Online Degree Programs for Zoology

Students of zoology are often exceptionally adept at caring for animals, and enjoy studying them in their natural habitat. Zoology is the study of the animal kingdom and includes all animals, both living and extinct. The study of zoology requires significant laboratory research, and to that end, there are limited fully online college degree programs available in zoology, though some schools might offer online classes as part of a campus-based program. To simply enter the field of zoology, students typically need a bachelor’s degree, though a master’s degree is often required for advanced positions, and a doctorate is necessary for those interested in research and teaching positions, according to the U.S. Bureau of Labor Statistics (BLS).

Online Bachelor’s Degree Programs for Zoology

A bachelor’s in zoology provides a strong background in animal biology. Students generally study math, chemistry, physics, animal science, animal behavior, ecology, and physiology, ultimately learning about animal groups, how animals live and interact in their environment, and their natural surroundings. They also gain veterinary science and animal husbandry skills. Students typically have the opportunity to conduct research in a faculty research laboratory, as well asin the field. This degree prepares students for an entry-level career in health professions or graduate study in zoology.

Online Master’s Degree Programs for Zoology

The master’s degree provides professional study for advanced zoology positions. Students are trained in zoology practice, studying ecology, evolution, behavior, comparative and environmental physiology, and genetics while also learning about a variety of terrestrial and aquatic environments, geographic regions, and organisms. Students typically choose to specialize in a specific field, such as population biology, wildlife ecology, aquatic ecology, or pollution biology, for example, andare required to conduct original research and complete a thesis in order to complete the program.

Online Doctoral Degree Programs for Zoology

Students interested in pursuing academic research or teaching at the collegiate level would benefit from a doctorate degree in zoology. As in the master’s level program, students often choose tospecialize in a specific area, such as genetics, aquaculture, wildlife ecology and management, or a specific species, which directly influences their course work. While pursuing their Ph.D, students may study environmental risk assessment, animal behavior, fish management, and evolutionary biology, among many courses, and are typically required to conduct original research, as well as present and defend a dissertation.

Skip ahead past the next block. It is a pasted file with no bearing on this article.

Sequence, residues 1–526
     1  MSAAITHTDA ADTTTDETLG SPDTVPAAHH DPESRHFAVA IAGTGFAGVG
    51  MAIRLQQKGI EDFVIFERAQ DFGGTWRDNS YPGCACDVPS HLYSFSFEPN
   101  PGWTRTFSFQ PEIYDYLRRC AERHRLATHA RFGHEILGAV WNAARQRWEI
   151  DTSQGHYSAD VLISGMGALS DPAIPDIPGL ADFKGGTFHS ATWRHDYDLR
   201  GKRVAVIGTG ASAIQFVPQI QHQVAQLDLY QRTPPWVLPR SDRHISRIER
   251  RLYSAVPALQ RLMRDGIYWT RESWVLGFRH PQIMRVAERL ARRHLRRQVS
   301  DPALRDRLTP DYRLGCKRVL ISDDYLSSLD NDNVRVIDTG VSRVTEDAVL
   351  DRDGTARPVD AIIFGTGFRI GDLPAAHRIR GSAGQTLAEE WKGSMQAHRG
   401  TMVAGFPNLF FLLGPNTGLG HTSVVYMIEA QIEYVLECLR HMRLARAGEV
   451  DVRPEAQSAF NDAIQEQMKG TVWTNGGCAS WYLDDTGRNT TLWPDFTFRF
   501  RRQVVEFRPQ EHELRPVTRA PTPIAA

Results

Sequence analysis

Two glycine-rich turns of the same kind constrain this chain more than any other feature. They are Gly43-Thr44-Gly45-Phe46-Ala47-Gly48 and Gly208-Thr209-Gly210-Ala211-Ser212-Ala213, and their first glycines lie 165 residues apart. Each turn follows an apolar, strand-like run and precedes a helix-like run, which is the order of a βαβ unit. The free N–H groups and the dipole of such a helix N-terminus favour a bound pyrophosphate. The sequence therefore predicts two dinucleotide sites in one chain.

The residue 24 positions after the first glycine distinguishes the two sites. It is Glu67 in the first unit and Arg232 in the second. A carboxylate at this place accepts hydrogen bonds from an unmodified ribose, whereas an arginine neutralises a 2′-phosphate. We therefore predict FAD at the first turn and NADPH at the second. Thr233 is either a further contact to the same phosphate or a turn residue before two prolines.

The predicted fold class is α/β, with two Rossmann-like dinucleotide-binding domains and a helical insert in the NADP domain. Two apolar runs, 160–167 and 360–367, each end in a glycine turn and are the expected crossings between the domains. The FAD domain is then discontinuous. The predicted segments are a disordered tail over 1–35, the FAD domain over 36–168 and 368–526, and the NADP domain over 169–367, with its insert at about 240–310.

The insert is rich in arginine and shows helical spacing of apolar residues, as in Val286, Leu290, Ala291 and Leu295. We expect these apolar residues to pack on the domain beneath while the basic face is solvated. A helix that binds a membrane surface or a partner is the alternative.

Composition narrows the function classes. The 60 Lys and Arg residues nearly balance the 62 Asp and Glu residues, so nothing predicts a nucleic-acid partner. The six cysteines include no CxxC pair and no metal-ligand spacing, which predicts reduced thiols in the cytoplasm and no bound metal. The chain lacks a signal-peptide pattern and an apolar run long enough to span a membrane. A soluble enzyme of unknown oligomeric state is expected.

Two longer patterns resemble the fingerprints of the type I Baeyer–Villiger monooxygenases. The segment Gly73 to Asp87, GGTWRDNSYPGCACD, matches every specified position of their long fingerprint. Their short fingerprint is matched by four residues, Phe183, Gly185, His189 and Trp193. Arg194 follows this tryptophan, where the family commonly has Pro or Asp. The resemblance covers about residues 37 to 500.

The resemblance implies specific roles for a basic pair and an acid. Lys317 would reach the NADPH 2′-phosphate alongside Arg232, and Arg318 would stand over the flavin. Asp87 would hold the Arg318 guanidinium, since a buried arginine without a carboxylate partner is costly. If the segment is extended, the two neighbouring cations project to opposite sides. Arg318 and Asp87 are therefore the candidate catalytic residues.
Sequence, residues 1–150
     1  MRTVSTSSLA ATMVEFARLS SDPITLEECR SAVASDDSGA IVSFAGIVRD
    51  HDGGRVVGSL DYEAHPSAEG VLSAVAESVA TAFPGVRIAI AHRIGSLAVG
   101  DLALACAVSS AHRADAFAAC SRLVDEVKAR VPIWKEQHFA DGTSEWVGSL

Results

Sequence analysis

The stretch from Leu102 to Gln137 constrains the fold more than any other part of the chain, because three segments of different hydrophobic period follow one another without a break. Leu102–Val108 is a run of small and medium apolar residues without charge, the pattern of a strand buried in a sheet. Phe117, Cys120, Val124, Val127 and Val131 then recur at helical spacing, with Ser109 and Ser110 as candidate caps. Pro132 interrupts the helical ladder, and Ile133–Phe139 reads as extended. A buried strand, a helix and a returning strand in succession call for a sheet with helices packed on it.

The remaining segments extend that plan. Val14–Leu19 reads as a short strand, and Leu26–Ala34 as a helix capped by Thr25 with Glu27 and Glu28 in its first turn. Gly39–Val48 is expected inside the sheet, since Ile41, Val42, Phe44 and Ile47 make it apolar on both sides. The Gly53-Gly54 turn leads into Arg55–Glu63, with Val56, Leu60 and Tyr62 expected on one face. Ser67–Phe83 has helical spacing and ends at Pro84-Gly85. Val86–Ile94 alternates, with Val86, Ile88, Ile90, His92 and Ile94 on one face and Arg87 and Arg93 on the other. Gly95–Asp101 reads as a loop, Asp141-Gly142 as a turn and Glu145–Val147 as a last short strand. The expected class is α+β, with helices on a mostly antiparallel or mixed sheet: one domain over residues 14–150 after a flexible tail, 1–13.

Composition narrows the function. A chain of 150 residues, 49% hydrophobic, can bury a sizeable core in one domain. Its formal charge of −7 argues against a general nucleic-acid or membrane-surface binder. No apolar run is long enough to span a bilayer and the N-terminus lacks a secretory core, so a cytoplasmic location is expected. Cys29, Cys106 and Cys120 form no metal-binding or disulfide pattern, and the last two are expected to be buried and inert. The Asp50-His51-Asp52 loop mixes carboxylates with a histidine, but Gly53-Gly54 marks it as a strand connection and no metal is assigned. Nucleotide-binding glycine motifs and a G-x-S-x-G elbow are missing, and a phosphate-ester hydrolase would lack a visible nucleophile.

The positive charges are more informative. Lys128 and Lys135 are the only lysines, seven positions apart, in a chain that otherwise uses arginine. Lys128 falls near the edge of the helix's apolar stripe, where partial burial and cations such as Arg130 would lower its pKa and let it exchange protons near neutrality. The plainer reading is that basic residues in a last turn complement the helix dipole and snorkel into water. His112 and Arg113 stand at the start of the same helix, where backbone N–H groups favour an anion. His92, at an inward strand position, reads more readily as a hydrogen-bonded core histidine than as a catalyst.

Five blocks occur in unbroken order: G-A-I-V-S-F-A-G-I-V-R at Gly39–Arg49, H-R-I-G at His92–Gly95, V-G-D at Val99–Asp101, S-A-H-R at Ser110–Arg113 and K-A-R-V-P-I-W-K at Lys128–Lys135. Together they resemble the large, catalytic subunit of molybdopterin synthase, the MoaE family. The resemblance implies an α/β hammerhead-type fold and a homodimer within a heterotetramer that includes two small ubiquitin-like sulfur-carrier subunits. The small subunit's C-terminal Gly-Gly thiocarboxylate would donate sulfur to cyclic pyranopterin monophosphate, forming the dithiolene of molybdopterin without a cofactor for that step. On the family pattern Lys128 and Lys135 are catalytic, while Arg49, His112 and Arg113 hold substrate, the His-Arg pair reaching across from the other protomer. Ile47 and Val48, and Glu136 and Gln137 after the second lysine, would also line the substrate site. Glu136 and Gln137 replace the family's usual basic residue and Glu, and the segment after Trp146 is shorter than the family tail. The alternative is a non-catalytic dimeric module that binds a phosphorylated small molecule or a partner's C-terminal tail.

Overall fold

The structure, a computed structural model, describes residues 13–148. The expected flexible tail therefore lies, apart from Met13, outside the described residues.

Online Degree Programs in Zoology in the Work Place

The state government, excluding education and hospitals, employs the highest percentage of zoologists, at 34% in 2010, according to the U.S. Bureau of Labor Statistics (BLS). The federal government, excluding the postal service, is the second-highest employer of zoologists, at 26%, followed by research and development,and management, scientific, and technical consulting firms. Zoologists, naturally, often work for zoos, as well as marine parks and aquariums, laboratories, educational institutions, museums, and environmental conservation groups. Those with a Ph.D in zoology are eligible to pursue advanced research or professorial positions at colleges and universities.

Employment of zoologists is expected to grow slower than the average for all occupations. According to the BLS, the profession is anticipated to increase by 7% through 2020, according to the U.S. Bureau of Labor Statistics (BLS). There will be continued demand for zoologists to study the impact of population growth and development on wildlife and their habitats, though demand in local, state, and federal government agencies, such as the United States Fish and Wildlife Service, will vary based on the budgets for these agencies. Zoologists can expect to make between $35,660 and $93,450 a year, with a median annual wage of $57,430 as of May 2010, according to the U.S. Bureau of Labor Statistics (BLS), though these statistics are influenced by individual education, experience, and employer.